The maximum digit counts are useful if you want to print the full decimal value of a floating-point number (worst case format specifier and buffer size) or if you are writing or trying to understand a decimal to floating-point conversion routine (worst case number of input digits that must be converted).
PHP’s base_convert() is a useful function that converts integers between any pair of bases, 2 through 36. However, you might hesitate to use it after reading this vague and mysterious warning in its documentation:
base_convert() may lose precision on large numbers due to properties related to the internal “double” or “float” type used.
The truth is that it works perfectly for integers up to a certain maximum — you just have to know what that is. I will show you this maximum value in each of the 35 bases, and how to check if the values you are using are within this limit.
I recently wrote that App Inventor represents its numbers in floating-point. I’ve since discovered something curious about integers. When typed into math blocks, they are represented in floating-point; but when generated through calculations, they are represented as arbitrary-precision integers — big integers.
After discovering that App Inventor represents numbers in floating-point, I wanted to see how it handled some edge case decimal/floating-point conversions. In one group of tests, I gave it numbers that were converted to floating-point incorrectly in other programming languages (I include the famous PHP and Java numbers). In another group of tests, I gave it numbers that, when converted to floating-point and back, demonstrate the rounding algorithm used when printing halfway cases. It turns out that App Inventor converts all examples correctly, and prints numbers using the round-half-to-even rule.
I am exploring App Inventor, an Android application development environment for novice programmers. I am teaching it to my kids, as an introductory step towards “real” app development. While playing with it I wondered: are its numbers implemented in decimal? No, they aren’t. They are implemented in double-precision binary floating-point. I put together a few simple block programs to demonstrate this, and to expose the usual floating-point “gotchas”.
Every integer has an equivalent representation in decimal and binary. Except for 0 and 1, the binary representation of an integer has more digits than its decimal counterpart. To find the number of binary digits (bits) corresponding to any given decimal integer, you could convert the decimal number to binary and count the bits. For example, the two-digit decimal integer 29 converts to the five-digit binary integer 11101. But there’s a way to compute the number of bits directly, without the conversion.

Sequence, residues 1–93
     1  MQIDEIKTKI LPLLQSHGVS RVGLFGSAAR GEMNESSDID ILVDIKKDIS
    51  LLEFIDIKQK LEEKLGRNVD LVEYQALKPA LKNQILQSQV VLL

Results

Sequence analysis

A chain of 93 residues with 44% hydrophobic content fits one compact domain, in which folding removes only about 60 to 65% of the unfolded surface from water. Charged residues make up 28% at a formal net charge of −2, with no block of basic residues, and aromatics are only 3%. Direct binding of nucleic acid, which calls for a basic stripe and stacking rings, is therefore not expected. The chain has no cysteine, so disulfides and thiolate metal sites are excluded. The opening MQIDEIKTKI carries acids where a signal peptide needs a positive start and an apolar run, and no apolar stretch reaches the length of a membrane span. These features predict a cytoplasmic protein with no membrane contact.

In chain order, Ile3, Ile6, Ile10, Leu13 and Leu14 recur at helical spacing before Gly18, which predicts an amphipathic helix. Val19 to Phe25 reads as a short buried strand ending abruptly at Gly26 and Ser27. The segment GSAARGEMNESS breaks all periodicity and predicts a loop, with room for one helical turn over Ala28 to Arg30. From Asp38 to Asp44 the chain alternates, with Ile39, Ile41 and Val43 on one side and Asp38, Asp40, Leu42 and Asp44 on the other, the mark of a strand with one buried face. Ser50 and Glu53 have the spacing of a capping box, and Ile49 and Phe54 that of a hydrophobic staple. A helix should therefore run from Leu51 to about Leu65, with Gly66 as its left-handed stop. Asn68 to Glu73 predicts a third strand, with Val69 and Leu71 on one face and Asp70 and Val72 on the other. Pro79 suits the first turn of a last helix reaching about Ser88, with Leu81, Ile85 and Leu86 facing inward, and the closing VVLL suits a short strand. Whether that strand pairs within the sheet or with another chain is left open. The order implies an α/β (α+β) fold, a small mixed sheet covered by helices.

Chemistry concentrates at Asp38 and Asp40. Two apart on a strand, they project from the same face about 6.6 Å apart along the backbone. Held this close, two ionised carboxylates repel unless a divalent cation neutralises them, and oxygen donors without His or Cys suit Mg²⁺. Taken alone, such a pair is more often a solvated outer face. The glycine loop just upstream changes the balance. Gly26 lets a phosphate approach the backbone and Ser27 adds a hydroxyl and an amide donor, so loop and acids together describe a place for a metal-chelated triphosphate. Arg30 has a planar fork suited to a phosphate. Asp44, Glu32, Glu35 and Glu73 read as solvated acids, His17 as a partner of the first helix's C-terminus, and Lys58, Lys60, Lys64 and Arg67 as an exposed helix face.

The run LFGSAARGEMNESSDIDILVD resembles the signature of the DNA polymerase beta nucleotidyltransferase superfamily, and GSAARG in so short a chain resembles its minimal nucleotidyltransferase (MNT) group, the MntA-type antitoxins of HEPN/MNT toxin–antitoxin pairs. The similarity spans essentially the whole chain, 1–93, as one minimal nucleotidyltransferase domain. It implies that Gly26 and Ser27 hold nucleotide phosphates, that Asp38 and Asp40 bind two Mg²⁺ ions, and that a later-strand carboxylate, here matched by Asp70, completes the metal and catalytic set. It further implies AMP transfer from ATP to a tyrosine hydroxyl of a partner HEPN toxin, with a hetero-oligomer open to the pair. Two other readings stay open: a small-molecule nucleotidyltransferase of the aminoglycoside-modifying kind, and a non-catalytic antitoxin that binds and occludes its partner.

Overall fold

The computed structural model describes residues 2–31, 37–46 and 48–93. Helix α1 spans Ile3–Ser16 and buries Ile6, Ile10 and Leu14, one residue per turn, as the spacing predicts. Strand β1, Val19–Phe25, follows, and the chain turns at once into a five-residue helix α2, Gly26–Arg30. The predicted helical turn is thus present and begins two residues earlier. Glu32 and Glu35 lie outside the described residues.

Sometimes you want to know, not how many bits are required for a specific integer, but how many are required for a d-digit integer — a range of integers. A range of integers has a range of bit counts. For example, four-digit decimal integers require between 10 and 14 bits. For any d-digit range, you might want to know its minimum, maximum, or average number of bits. Those values can be computed directly as well.
For decimal inputs that don’t qualify for fast path conversion, David Gay’s strtod() function does three things: first, it uses IEEE double-precision floating-point arithmetic to calculate an approximation to the correct result; next, it uses arbitrary-precision integer arithmetic (AKA big integers) to check if the approximation is correct; finally, it adjusts the approximation, if necessary. In this article, I’ll explain the second step — how the check of the approximation is done.
David Gay’s strtod() function does decimal to floating-point conversion using both IEEE double-precision floating-point arithmetic and arbitrary-precision integer arithmetic. For some inputs, a simple IEEE floating-point calculation suffices to produce the correct result; for other inputs, a combination of IEEE arithmetic and arbitrary-precision arithmetic is required. In the latter case, IEEE arithmetic is used to calculate an approximation to the correct result, which is then refined using arbitrary-precision arithmetic. In this article, I’ll describe the approximation calculation, which is based on a form of binary exponentiation.
Recently I discovered that Java converts some very small decimal numbers to double-precision floating-point incorrectly. While investigating that bug, I stumbled upon something very strange: Java’s decimal to floating-point conversion routine, Double.parseDouble(), sometimes returns two different results for the same decimal string. The culprit appears to be just-in-time compilation of Double.parseDouble() into SSE instructions, which exposes an architecture-dependent bug in Java’s conversion algorithm — and another real-world example of a double rounding on underflow error. I’ll describe the problem, and take you through the detective work to find its cause.